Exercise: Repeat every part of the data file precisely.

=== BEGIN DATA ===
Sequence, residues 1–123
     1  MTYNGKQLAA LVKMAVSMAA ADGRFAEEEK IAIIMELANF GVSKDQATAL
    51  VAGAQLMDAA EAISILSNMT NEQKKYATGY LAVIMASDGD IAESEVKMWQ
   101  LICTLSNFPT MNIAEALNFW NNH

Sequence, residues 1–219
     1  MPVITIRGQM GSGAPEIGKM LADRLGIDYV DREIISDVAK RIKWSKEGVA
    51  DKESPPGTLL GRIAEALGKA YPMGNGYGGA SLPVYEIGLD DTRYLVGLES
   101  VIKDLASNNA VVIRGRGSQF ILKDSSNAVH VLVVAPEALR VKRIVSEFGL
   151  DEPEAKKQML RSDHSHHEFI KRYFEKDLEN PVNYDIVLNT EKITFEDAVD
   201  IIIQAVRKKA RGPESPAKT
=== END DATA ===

Sequence, residues 1–123
     1  MTYNGKQLAA LVKMAVSMAA ADGRFAEEEK IAIIMELANF GVSKDQATAL
    51  VAGAQLMDAA EAISILSNMT NEQKKYATGY LAVIMASDGD IAESEVKMWQ
   101  LICTLSNFPT MNIAEALNFW NNH

Sequence, residues 1–219
     1  MPVITIRGQM GSGAPEIGKM LADRLGIDYV DREIISDVAK RIKWSKEGVA
    51  DKESPPGTLL GRIAEALGKA YPMGNGYGGA SLPVYEIGLD DTRYLVGLES
   101  VIKDLASNNA VVIRGRGSQF ILKDSSNAVH VLVVAPEALR VKRIVSEFGL
   151  DEPEAKKQML RSDHSHHEFI KRYFEKDLEN PVNYDIVLNT EKITFEDAVD
   201  IIIQAVRKKA RGPESPAKT